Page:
Real Answers from Real Pilots

Past History

When applying for a pilot position, I have heard that they pull up ALL of your records. I have also heard that a penalty as small as a speeding ticket is a red flag that may jeopardize your ability to get hired. Can you guess provide any validity to this statement?

Cameron,

While I can tell you for a fact 1 (or even 2) speeding tickets will not end your career, YES the airlines do a VERY thorough background check and EVERYTHING is subject to scrutiny. While there is a pilot shortage at the Regionals and everyone seems to be getting hired these days that was (and will) not always be the case. You have to know that everyone who applies has the required flight time etc and meets the qualifications. The very next thing to look at is who is this person. If the person’s spent their lives being irresponsible why should they trust you with their $20million jet? I have a friend who’s a very talented pilot. He got a DUI when he was 20. He’s been at a Regional for over 20yrs and that’s where he will spend his career since he’s been rejected by every Major.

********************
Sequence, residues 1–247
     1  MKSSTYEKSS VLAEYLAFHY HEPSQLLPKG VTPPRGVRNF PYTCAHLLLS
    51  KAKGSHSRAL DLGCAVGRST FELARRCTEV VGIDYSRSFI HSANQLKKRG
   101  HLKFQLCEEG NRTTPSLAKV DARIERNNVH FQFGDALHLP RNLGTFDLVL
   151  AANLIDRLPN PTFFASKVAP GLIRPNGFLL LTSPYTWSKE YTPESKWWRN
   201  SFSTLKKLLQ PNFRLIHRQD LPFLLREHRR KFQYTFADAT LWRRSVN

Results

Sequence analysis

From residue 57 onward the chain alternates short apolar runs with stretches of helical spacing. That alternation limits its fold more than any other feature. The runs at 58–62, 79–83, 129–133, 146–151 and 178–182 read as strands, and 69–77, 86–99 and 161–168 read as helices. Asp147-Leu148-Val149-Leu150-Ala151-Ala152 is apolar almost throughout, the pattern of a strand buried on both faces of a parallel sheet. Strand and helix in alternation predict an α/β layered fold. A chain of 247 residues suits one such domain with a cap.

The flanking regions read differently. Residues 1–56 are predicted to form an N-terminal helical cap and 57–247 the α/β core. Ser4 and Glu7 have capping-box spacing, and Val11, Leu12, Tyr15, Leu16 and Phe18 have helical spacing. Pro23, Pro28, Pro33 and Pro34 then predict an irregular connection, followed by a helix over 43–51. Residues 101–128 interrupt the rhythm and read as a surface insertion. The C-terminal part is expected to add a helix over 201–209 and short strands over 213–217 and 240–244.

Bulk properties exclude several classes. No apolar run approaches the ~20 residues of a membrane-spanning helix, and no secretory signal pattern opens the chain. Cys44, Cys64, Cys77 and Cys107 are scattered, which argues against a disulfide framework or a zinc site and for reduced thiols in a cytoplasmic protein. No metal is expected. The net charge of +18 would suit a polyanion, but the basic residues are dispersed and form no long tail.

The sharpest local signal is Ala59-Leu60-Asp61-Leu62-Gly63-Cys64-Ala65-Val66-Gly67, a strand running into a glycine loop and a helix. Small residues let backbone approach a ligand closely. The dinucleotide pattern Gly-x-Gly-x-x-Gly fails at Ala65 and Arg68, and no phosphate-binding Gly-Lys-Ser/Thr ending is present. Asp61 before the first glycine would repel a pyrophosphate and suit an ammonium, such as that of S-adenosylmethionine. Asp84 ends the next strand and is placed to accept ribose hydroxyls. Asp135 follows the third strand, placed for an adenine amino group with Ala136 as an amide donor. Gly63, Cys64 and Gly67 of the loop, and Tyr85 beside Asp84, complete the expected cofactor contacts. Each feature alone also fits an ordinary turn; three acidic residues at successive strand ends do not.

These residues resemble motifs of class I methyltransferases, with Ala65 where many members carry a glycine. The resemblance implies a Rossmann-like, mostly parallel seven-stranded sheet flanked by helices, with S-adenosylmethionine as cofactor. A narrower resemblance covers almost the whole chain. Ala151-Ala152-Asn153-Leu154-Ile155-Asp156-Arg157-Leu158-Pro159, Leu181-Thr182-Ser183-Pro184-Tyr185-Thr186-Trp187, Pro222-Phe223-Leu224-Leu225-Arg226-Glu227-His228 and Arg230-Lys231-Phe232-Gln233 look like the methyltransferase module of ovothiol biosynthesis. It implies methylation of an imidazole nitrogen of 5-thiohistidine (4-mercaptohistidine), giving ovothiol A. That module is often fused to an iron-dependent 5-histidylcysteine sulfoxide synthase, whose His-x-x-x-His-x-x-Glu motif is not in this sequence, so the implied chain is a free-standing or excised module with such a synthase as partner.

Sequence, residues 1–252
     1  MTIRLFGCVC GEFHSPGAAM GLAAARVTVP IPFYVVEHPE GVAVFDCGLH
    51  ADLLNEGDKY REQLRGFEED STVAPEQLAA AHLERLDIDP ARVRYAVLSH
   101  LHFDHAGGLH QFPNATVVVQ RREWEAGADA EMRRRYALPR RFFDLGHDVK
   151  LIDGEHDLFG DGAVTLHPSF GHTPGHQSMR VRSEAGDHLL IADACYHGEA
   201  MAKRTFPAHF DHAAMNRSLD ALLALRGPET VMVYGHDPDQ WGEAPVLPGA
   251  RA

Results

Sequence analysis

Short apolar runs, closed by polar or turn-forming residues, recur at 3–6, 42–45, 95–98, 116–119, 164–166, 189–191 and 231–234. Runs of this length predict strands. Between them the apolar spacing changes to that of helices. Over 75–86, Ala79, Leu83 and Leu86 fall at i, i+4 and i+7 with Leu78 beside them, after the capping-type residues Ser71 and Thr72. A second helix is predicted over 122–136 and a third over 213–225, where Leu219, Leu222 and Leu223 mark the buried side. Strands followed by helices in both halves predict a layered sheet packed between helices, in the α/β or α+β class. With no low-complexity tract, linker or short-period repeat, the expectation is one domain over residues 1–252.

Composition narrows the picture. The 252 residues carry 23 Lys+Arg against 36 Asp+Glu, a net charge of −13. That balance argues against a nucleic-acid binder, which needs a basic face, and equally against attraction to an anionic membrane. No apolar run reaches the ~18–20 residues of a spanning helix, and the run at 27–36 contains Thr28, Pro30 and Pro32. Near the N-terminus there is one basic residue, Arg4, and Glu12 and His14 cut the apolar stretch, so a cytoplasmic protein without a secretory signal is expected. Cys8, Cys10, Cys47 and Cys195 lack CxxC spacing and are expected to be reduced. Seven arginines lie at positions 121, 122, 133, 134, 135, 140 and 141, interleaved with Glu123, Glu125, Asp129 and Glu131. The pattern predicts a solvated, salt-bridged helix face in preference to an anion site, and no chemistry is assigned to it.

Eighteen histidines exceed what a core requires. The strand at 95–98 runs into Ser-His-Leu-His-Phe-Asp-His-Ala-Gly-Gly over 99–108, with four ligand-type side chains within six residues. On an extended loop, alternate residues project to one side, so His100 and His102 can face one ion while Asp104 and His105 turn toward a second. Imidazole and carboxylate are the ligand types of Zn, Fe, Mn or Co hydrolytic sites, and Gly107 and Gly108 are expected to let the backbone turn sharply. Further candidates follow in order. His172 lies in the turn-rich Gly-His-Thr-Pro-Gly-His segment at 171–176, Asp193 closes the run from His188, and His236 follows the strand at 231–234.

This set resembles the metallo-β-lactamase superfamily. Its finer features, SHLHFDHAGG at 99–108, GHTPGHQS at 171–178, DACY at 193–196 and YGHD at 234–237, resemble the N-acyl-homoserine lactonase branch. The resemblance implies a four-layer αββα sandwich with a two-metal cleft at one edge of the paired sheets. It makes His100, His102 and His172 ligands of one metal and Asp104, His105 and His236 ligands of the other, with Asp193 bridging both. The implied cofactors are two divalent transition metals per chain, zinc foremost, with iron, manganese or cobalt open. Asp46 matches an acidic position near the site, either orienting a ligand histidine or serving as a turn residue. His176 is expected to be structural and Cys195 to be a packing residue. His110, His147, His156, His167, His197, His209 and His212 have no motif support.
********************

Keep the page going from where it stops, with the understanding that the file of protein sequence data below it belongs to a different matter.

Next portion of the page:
Adam

I have another question. Aside from having the necessary hours, clean history, degree, is there something else that could stand out on an application for the Majors? I’m about 10 years away from realistically getting hired by a major and I was wondering if there are things I can do along the way to look more attractive.

Cameron,

Aviation is just like any other profession and the more “full” and well rounded your resume is the better. The pilots conducting the interview are people and you never know what might trigger a great conversation. Whatever it is you do you should list under “Other”. Hobbies, talents, charity work, you never know? Aside from that it’s really about YOU. When you go for an interview you’ve obviously already met their criteria, now it’s really about “do I want to spend 6hrs locked in a cockpit with this guy?” (or do I not?). Be yourself (or better) and you’ll be fine…unless you’re a jerk :slight_smile:

Adam

Cameron,

A lot of pilots chose to use their time off to volunteer in the community. Whether it is with at risk kids, an aviation program, or something completely different, this is certainly a good thing to put on a resume.

Chris